The Ossett Workhouse was in existence before 1780, but probably dates back much earlier still. Luckily, some old accounts kept by Benjamin Hallas, one of the Overseers of the Poor for Ossett dating back to this period are still in existence. The Ossett Workhouse was located along the Wakefield to Dewsbury turnpike (toll) road in Flushdyke and Joseph Townend, of the Green, Ossett was master of the Ossett Workhouse between 1780 and 1786. It was Townend who kept a detailed book of accounts recording the activities of the workhouse for Benjamin Hallas.
Attached to the workhouse was some land, which was farmed, as the Overseers accounts show by their records of the occasional purchase of a cow, seed, mattocks and various other agricultural implements. Apparently, some of the paupers were engaged in spinning yarn and a few were employed by the cloth weavers of the district. We know that in 1834, the workhouse housed 80 inmates and was one of the largest in the district.
Townend records that “beef supplied to the workhouse” amounted to as much as 1,644 lbs in five months. Though the heading is “beef”, the individual items include “mutton”, and the butchers who supplied it were named Hawmshaw and Warin at a cost of 3¾d per pound. In the same period, “twelve load and one stroak” of wheat was purchased from Titus Stephenson, John Stephenson, John Shepard and Joshua Stephenson, while John Stephenson and William Ingham between them supplied thirty-two loads of oats. Mr Ingham was a maltster as well as a farmer, and of him and Mark Whitaker some ten sacks of malt were purchased, to be used probably in the brewing of ale as suggested by the item “hops 1lb at 1s 6d” appearing occasionally in Richard Brook’s bill. Both wheat and oats seem to have been in the form of meal. Oats cost 17 shillings per load of 12 stones, but the price of wheat is not stated. A “stroak” equalled two stones in weight.
The Stephenson family must have been cloth weavers as well as farmers or millers. They had spinning done for them at the workhouse, the value of which Mr. Townend set down against the wheat they supplied. For spinning yarn, 1s 1d to 1s 5d “a. w.” was the charge. Other items in this for were “John Heald 5w 5lb 14oz at 1s 1d aw 6s 5½d”; “George Wright 6w 1lb 2oz at 1s 2d aw 7s 2d” so “a.w.” is probably an abbreviation of a weigh and that a weigh was six pounds. A weigh was once a common term in the 18th century.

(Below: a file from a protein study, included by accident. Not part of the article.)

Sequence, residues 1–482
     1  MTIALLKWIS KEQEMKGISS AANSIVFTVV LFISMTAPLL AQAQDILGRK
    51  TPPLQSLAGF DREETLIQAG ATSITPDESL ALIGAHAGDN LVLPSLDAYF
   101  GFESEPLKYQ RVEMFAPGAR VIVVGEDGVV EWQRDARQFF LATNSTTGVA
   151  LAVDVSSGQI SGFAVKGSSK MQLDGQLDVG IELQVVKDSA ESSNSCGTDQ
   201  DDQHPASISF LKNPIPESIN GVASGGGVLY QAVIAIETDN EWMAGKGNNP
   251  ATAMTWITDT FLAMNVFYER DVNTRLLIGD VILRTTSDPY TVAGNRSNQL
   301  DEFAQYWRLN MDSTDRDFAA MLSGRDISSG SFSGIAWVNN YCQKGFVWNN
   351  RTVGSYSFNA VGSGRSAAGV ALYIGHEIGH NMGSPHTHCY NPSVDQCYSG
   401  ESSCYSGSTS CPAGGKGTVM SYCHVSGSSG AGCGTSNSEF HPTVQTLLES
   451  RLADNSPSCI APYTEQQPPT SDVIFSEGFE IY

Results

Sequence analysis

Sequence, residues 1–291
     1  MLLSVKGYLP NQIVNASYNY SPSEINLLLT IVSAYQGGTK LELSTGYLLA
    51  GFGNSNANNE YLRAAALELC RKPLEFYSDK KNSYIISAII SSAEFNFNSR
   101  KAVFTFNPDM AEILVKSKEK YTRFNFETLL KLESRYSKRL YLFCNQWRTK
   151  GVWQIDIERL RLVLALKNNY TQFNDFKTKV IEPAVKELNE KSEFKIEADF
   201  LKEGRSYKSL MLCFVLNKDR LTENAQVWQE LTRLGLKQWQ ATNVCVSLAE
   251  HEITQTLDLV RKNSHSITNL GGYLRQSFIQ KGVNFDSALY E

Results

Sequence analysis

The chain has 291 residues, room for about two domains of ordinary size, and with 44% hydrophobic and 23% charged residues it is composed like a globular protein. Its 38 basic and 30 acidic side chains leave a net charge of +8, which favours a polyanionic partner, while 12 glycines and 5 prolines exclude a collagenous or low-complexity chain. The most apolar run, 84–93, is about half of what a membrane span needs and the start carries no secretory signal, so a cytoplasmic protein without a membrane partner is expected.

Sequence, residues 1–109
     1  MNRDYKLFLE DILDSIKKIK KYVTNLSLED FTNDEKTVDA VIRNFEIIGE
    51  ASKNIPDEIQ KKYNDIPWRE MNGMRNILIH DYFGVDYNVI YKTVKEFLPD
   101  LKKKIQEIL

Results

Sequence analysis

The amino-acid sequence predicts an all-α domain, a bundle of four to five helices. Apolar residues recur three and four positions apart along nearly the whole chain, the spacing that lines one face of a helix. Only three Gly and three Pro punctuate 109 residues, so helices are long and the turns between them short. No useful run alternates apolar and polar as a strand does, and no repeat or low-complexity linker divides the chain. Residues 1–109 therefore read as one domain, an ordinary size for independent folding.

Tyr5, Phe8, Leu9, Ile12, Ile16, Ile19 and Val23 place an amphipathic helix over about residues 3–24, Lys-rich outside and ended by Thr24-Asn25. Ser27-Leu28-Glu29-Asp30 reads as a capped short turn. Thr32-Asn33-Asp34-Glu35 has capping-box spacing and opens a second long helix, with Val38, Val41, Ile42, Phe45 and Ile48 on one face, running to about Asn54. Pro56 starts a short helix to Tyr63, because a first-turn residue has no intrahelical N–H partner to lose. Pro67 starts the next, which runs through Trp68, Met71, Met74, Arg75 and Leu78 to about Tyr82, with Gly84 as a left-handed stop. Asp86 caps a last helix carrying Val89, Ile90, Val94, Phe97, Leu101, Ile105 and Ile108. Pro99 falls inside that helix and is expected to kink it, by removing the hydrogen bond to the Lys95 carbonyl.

An advert in the local press of 18122 gives us a few more clues about the day-to-day running of the Ossett Workhouse:
"WANTED - By the township of Ossett, on the 11th day of January 1813, a MAN and his WIFE, to live in and manage the Workhouse. The man must be qualified to keep accounts, make out assessments, and collect them, give assistance to the overseers in paying the poor and transact the town's business. Testimonials of good character will be required and a steady, active man will receive a liberal salary.
Proposals in writing, post paid, will be received, addressed to Richard Sheppard, Constable of Ossett by the 4th say of January aforesaid, when answers will be given. N.B. A person having a family need not apply."
“Heald for George Stephenson 2 week 8 shillings,” “Received from Benjamin Hallas, Abraham Ellis wage from December 14th to February 10th, 10s 10d” “Ammaras Rennor for Samuel Sharp scribbling 3s 8d.” These entries show that workhouse inmates were hired out to local trades-people at low wages to do a variety of tasks.
Cloth was purchased in the piece, mainly from Bridget Wilson Rawlin, a “pees” or “two peeses” at a time and Townend duly recorded how it was distributed: “to Hannah Rayks 2¼ yards, Thomas Clark 5 yards, Thomas Lee 2½ yards, Young Joe Cudworth 2 yards, Meriah Ellis ½ yard,” and so on. Presumably, these are the names of some of the inmates in the workhouse, who would be given the cloth to make garments for themselves. However, there are entries for “new leather breeches, new coat and singlet” being supplied to “Little Tom Clark.” Some of the names are quaint such as “Robert Awsley,” “Ann Towlson,” “David Pickrin,” “John Hinsliff,” “Bett Ellee,” “Halice Morehous,” “Bett Hobkin,” and others, most of which will be recognised as the ancient forms of common names.
It was not unusual for men to abandon their wife and family to the Ossett workhouse in times of sheer desperation and this was taken extremely seriously by the Poor Law overseers who were forced to care for the unfortunate wife and children in the workhouse at the expense of the ratepayers of the town. An example of this was noted in the local press back in 1815 with a reward of two guineas being offered for the arrest of one Joseph Crowther: 4
"Absconded about twelve weeks since and left his wife and family chargeable to the Parish of Ossett, JOSEPH CROWTHER, by trade a husbandman; has dark brown hair, is marked with the smallpox, high-coloured in the face, and blue eyes; about 5 feet 8 inches tall, has a front tooth broken the upper side. Had on when he left his family, a bottle-green coat and a buff waistcoat. Whoever will apprehend the said Joseph Crowther and lodge him in any of his Majesty's gaols, giving information the Overseers of Ossett near Wakefield, shall receive TWO GUINEAS reward.